Described as a sensitive poet-intellectual, MacSwiney’s writings in the newspaper Irish Freedom bring him to the attention of the Irish Republican Brotherhood. He is one of the founders of the Cork Brigade of the Irish Volunteers in 1913, and is President of the Cork branch of Sinn Féin. He founds a newspaper, Fianna Fáil, in 1914, but it is suppressed after only eleven issues. In April 1916, he is intended to be second in command of the Easter Rising in counties Cork and Kerry, but stands down his forces on the order of Eoin MacNeill.
In prison MacSwiney immediately starts a hunger strike in protest of his internment and the fact that he was tried by a military court. Eleven other Irish Republican prisoners in Cork Jail go on hunger strike at the same time. On August 26, the British Government states that “the release of the Lord Mayor would have disastrous results in Ireland and would probably lead to a mutiny of both military and police in south of Ireland.”
MacSwiney’s hunger strike gains world attention. The British Government is threatened with a boycott of British goods by Americans, while four countries in South America appeal to Pope Benedict XV to intervene. Protests are held in Germany and France as well. An Australian member of Parliament, Hugh Mahon, is expelled from the Parliament of Australia for “seditious and disloyal utterances at a public meeting,” after protesting against the actions of the British Government. Two weeks later, the Spanish Catalan organization Autonomous Center of Employees of Commerce and Industry (CADCI) sends a petition to British Prime MinisterDavid Lloyd George calling for his release and the newspaper of the organization, Acció (Acción in Spanish), begins a campaign for MacSwiney.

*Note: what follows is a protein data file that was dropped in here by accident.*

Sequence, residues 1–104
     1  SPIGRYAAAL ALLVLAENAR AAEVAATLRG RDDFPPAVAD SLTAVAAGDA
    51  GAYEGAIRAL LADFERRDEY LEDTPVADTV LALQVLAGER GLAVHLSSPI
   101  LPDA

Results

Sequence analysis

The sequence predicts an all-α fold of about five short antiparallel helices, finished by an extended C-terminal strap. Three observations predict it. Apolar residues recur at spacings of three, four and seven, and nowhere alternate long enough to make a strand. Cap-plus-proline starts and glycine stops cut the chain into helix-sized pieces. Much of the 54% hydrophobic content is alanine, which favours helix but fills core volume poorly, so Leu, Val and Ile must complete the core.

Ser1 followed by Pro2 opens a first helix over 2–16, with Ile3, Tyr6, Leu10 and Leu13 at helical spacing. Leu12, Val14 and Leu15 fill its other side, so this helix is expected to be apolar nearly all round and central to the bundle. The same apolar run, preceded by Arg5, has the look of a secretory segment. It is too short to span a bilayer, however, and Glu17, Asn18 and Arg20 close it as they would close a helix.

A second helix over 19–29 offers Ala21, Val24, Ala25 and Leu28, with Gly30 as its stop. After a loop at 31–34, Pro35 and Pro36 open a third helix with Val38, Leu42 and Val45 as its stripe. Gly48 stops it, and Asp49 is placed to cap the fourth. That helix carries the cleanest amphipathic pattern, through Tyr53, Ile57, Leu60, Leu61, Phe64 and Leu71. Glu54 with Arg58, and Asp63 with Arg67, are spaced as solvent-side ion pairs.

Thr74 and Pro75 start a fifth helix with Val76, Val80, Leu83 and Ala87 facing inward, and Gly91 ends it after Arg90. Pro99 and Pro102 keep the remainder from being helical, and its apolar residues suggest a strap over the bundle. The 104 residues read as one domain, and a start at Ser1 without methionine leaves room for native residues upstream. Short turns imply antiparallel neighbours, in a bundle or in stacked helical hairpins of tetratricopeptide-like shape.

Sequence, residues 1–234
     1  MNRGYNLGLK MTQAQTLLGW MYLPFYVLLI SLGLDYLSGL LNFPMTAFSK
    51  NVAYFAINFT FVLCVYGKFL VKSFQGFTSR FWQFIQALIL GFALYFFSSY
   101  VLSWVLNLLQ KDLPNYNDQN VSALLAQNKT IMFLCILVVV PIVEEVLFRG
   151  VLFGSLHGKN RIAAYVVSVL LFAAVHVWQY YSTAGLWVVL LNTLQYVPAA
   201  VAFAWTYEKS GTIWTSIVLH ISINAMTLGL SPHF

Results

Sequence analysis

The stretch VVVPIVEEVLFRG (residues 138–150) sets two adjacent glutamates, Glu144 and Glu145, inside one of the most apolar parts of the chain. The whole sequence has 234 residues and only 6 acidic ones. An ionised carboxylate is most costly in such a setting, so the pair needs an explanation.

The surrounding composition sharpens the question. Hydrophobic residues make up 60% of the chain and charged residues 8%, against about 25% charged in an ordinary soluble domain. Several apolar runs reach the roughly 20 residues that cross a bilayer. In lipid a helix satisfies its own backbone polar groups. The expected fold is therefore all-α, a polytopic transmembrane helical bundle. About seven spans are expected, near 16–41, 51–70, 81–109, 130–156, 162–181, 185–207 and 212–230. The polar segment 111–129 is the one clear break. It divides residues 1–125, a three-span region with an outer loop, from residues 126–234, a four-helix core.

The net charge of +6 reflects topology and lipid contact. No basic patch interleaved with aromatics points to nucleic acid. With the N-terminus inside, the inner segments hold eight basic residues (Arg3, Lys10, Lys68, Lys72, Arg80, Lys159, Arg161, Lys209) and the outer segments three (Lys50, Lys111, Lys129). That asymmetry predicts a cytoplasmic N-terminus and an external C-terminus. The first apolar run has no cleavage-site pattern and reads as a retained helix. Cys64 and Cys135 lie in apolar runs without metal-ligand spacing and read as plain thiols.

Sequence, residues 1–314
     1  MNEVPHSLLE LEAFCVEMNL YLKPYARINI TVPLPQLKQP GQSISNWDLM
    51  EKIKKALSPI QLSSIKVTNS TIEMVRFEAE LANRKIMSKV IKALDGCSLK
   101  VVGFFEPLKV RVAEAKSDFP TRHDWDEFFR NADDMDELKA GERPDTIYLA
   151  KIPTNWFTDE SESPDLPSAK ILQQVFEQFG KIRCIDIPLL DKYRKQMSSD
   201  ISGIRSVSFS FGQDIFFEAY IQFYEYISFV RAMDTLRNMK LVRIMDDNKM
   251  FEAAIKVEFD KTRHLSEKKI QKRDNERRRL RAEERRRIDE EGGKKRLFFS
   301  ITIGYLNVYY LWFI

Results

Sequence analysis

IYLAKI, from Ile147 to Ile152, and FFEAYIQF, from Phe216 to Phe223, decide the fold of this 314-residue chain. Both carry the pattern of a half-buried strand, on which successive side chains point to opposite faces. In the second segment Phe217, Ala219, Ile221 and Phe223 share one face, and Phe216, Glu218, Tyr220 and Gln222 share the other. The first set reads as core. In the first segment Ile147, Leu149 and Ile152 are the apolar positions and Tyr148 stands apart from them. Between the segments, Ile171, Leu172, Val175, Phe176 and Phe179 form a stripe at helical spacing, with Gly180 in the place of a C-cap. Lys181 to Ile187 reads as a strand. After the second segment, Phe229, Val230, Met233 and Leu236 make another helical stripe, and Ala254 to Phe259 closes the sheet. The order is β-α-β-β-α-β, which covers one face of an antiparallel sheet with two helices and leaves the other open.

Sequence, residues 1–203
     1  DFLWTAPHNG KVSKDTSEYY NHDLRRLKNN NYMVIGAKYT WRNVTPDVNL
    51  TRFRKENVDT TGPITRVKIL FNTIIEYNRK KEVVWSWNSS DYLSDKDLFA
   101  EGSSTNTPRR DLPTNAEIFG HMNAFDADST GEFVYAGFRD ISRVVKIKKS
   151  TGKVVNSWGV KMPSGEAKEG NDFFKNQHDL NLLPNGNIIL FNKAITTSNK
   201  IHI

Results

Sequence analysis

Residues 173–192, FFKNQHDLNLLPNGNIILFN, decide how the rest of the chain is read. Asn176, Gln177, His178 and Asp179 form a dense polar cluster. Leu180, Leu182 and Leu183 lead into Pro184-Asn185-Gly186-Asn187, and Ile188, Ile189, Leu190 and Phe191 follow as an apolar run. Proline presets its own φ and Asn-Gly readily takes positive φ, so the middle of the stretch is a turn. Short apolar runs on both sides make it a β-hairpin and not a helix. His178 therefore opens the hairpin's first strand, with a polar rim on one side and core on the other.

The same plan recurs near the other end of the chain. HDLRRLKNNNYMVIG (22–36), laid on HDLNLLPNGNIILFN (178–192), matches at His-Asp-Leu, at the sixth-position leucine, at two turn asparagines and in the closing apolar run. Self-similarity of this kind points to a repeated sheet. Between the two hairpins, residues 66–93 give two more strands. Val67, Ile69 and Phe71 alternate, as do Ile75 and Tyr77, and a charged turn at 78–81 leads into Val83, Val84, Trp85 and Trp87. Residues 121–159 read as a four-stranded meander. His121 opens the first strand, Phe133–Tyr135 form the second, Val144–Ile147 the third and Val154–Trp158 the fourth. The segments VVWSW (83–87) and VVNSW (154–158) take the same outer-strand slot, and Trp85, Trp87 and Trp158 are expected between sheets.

Food is often placed near MacSwiney to persuade him to give up the hunger strike. Attempts at force-feeding are undertaken in the final days of his strike. On October 20, 1920 he slips into a coma and dies in London’s Brixton Prison on October 25, after 73 days on hunger strike. His body lay in St. George’s Cathedral, Southwark in London where 30,000 people file past it. Fearing large-scale demonstrations in Dublin, the authorities divert his coffin directly to Cork, and his funeral in the Cathedral of St. Mary and St. Anne on October 31 attracts huge crowds. He is buried in the Republican plot in St. Finbarr’s Cemetery in Cork. Arthur Griffith delivers the graveside oration. His death brings him and the Irish Republican campaign to international attention.
In September 1914 Cregan goes to Dublin to study music in the Leinster School of Music, under Madame Coslett Heller. It is while she is in Dublin that she becomes friends with the Ryan family, who are strong nationalists as well as interested in the Gaelic League and Sinn Féin. She begins to sing for concerts which are fundraisers for the Irish Volunteers. The last concert is just two weeks before the Easter Rising.